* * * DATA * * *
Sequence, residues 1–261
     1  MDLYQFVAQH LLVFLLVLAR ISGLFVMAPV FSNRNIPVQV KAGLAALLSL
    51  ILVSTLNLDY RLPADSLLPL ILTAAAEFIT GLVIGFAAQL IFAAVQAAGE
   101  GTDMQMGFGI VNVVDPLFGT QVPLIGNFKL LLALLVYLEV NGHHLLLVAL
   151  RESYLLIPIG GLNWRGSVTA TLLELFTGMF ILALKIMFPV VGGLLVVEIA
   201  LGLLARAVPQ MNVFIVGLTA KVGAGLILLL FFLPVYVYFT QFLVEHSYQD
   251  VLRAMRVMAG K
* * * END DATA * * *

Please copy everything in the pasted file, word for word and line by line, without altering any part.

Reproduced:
Sequence, residues 1–261
     1  MDLYQFVAQH LLVFLLVLAR ISGLFVMAPV FSNRNIPVQV KAGLAALLSL
    51  ILVSTLNLDY RLPADSLLPL ILTAAAEFIT GLVIGFAAQL IFAAVQAAGE
   101  GTDMQMGFGI VNVVDPLFGT QVPLIGNFKL LLALLVYLEV NGHHLLLVAL
   151  RESYLLIPIG GLNWRGSVTA TLLELFTGMF ILALKIMFPV VGGLLVVEIA
   201  LGLLARAVPQ MNVFIVGLTA KVGAGLILLL FFLPVYVYFT QFLVEHSYQD
   251  VLRAMRVMAG K